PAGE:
Because a correlation was noticed between 301 redirects and decreasing PageRank scores by some, it was believed that implementing 301 redirects could decrease PageRank by as much as 15%. This led to a drop in search engine rankings. The issue was compounded with chain redirects, with each URL in the chain affecting PageRank even more. Although the correlation between PageRank and rankings isn’t public, Google updated its algorithm so that 301 redirects no longer negatively impact PageRank. Google’s official stance confirms that they don’t impact SEO, but they must be set up correctly.

Could 301 Redirects Actually Improve Your SEO?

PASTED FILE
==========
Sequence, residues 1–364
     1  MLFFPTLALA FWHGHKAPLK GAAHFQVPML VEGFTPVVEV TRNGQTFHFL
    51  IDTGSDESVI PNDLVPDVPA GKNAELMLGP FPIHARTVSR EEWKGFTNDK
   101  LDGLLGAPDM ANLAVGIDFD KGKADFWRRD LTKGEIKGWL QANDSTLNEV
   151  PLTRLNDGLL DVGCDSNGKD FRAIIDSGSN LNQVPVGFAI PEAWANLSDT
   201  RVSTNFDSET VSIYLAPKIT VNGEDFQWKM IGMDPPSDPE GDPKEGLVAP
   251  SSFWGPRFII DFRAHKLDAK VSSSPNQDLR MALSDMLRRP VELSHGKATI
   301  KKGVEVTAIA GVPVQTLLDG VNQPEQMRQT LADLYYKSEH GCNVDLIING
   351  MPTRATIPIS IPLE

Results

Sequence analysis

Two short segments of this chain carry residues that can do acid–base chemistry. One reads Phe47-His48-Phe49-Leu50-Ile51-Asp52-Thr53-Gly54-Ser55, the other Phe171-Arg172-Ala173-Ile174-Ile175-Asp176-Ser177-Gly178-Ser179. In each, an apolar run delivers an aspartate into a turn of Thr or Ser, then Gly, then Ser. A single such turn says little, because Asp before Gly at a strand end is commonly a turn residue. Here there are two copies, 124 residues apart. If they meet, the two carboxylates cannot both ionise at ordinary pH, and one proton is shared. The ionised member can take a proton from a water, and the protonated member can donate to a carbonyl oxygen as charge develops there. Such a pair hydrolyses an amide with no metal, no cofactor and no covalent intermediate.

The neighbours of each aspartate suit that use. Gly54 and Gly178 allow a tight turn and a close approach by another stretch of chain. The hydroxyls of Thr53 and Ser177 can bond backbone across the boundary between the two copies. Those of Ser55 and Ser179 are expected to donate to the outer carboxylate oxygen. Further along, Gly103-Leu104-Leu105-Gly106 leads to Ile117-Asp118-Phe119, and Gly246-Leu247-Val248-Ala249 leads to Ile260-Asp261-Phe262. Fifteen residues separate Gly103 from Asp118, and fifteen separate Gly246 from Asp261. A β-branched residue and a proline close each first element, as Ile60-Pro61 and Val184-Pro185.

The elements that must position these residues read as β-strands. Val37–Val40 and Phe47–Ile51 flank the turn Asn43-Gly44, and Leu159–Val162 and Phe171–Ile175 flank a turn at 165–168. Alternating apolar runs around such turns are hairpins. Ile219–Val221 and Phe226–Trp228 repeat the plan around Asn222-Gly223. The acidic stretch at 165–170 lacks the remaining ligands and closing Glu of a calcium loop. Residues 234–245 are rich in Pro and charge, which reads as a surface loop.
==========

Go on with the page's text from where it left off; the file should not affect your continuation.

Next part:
Now we know that there seems to be no negative effect to using 301 redirects (unless used in the wrong way), we should look at how they can be used to help your SEO.

To use a 301 redirect to boost your website’s SEO, you could:

  1. Identify pages that receive traffic but have a low ranking or pages that have been removed for whatever reason and are now generating 404 errors.
  2. Implement a 301 redirect from these pages to a higher-ranking page related to the content of the original page. This helps to pass on the original page’s ranking and authority to the new page.
  3. Make sure the redirects are set up correctly to avoid any technical issues that could harm your website’s ranking.
  4. Monitor your website’s ranking and traffic to ensure that the 301 redirects are having the desired effect.

Remember that while a well-implemented 301 redirect can boost your website’s SEO, it is only one factor among many that can impact your website’s ranking.

How Could 301 Redirects Have a Negative Impact on Your SEO?